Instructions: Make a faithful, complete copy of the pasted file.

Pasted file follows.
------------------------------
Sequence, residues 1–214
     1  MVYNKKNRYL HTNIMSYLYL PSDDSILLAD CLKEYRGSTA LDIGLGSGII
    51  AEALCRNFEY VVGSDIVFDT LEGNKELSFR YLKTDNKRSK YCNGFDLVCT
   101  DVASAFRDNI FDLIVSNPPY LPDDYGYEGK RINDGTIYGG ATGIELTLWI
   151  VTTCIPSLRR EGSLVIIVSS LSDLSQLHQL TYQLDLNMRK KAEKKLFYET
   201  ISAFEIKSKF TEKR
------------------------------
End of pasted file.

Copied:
Sequence, residues 1–214
     1  MVYNKKNRYL HTNIMSYLYL PSDDSILLAD CLKEYRGSTA LDIGLGSGII
    51  AEALCRNFEY VVGSDIVFDT LEGNKELSFR YLKTDNKRSK YCNGFDLVCT
   101  DVASAFRDNI FDLIVSNPPY LPDDYGYEGK RINDGTIYGG ATGIELTLWI
   151  VTTCIPSLRR EGSLVIIVSS LSDLSQLHQL TYQLDLNMRK KAEKKLFYET
   201  ISAFEIKSKF TEKR